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OpenAI’s new ‘initial’ board is all white, all male. Really?

OpenAI CEO Sam Altman looks on during the APEC CEO Summit at Moscone West on Nov. 16 in San Francisco, California.Justin Sullivan/Photographer: Justin Sullivan/Ge

For a brief shining moment, OpenAI represented what the future of technology should look like: a company headed by a female CEO and board that reached gender parity.

That new world order emerged on Friday when the OpenAI board ousted CEO Sam Altman and named chief technology officer Mira Murati as interim CEO. The boardroom dustup prompted chairman Greg Brockman to depart as well, leaving the artificial intelligence company with a board that was half women.

But that was then. With the return of Altman as CEO, the neanderthal days of technology are back with a vengeance.


Three of the four board members who pushed Altman out last week are gone, notably the two female directors — tech entrepreneur Tasha McCauley and Helen Toner of the Georgetown Center for Security and Emerging Technology.

We’re all still unpacking the chaos enveloping the world’s most important AI company. One thing I know for sure: The new board can’t remain all-male and all-white.

Here’s the latest for those keeping score at home: Current director and Quora founder Adam D’Angelo kept his seat. The new additions are Bret Taylor, formerly co-CEO of Salesforce, and Larry Summers, former US Treasury secretary and former Harvard president.

Summers, a Harvard professor, has famously misunderstood the gender gap. As Harvard president, he faced a barrage of criticism after suggesting the reason there aren’t more top female scientists is because of “innate” differences between men’s and women’s abilities in math and science. He later apologized.

Generative AI is supposed to change everything and lead us into a better future. But the question has always been for whom?

The fear among those of us who aren’t white men is that AI will maintain our world of inequities. The technology is likely to pose a bigger economic threat to women and people of color. That’s because AI is being brought to us by the same white male creators as before. These biases only disappear when there’s more diversity in corner offices and boardrooms.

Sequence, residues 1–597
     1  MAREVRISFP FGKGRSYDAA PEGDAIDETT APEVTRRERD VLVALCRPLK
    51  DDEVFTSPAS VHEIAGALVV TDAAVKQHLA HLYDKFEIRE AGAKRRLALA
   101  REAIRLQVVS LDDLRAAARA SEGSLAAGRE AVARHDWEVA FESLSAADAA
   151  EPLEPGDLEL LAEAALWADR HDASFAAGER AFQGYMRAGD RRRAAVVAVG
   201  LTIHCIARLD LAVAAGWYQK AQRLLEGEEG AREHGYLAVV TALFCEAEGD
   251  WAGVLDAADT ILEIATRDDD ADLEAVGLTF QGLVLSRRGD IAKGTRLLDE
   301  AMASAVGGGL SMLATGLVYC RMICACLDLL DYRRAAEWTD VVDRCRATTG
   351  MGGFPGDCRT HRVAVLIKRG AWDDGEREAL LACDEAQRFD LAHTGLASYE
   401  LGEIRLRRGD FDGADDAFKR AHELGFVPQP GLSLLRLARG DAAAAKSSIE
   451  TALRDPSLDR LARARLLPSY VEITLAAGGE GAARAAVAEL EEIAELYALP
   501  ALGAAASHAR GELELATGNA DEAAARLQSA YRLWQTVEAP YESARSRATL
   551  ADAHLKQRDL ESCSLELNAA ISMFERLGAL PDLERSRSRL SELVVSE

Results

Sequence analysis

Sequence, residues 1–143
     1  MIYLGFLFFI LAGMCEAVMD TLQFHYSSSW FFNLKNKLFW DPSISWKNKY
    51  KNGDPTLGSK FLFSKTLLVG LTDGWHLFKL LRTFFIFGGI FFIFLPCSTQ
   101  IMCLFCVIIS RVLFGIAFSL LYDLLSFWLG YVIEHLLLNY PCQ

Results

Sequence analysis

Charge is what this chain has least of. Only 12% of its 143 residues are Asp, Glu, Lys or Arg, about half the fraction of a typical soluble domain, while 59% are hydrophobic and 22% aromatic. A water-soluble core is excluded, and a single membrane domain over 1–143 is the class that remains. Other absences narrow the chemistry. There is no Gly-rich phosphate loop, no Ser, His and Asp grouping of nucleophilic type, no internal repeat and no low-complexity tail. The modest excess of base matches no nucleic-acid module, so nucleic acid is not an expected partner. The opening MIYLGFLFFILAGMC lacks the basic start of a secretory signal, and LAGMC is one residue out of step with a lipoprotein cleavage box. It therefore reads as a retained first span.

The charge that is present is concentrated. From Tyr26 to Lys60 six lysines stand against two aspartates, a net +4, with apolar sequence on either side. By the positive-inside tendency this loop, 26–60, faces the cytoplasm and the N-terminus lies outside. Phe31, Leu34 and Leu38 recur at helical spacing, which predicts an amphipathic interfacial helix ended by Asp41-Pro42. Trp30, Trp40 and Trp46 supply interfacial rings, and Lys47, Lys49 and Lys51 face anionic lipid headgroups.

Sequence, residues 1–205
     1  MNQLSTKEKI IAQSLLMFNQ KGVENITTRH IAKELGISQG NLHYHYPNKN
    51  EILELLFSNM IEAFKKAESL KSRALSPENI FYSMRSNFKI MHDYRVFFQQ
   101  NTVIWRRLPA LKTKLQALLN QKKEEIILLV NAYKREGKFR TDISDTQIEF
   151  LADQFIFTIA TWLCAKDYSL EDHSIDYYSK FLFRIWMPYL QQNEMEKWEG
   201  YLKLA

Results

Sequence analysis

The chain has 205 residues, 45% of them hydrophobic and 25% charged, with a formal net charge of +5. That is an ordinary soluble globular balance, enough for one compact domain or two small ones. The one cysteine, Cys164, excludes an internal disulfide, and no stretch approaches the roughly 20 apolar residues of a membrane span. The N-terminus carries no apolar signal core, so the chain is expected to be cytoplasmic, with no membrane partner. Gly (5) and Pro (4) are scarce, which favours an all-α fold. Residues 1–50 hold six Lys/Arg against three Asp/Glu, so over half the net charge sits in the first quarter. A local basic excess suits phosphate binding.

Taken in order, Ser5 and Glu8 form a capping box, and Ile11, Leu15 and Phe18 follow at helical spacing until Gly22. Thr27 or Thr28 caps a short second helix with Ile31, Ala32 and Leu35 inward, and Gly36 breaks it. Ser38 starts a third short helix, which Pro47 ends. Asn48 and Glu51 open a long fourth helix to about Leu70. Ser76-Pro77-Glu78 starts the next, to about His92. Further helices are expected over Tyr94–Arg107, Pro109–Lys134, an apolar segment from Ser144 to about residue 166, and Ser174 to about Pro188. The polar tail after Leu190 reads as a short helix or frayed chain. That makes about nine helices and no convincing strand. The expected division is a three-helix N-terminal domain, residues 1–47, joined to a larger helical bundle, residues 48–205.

Diversity, as studies have shown, is better for the bottom line. Having different perspectives at the table leads to innovation and breaks group-think.

When I first read about OpenAI’s upheaval, I was pleasantly surprised by the number of women on its board. How progressive for Silicon Valley, I thought. The shakeup reflected a board that wasn’t afraid of disrupting the status quo.

Now what?

All is not lost. I’ve got to think OpenAI is still rebuilding its board. It must make diversity a priority in the next round of board seats. No excuses.

Women and people of color are up to the task. I can think of a few candidates: Rumman Chowdhury, formerly of Twitter and a Responsible AI Fellow at Harvard’s Berkman Klein Center for Internet & Society; Timnit Gebru, former Googler and founder of The Distributed AI Research Institute; Rana el Kaliouby, cofounder of AI company Affectiva, and Youngme Moon, a Harvard Business School professor who advises early-stage startups and serves on several corporate boards.

If OpenAI is going to lead us into the future, its board has to represent all of us.

Shirley Leung is a Business columnist and host of the Globe Opinion podcast “Say More with Shirley Leung.” Find the podcast on Apple, Spotify, and globe.com/saymore.


Shirley Leung is a Business columnist. She can be reached at shirley.leung@globe.com.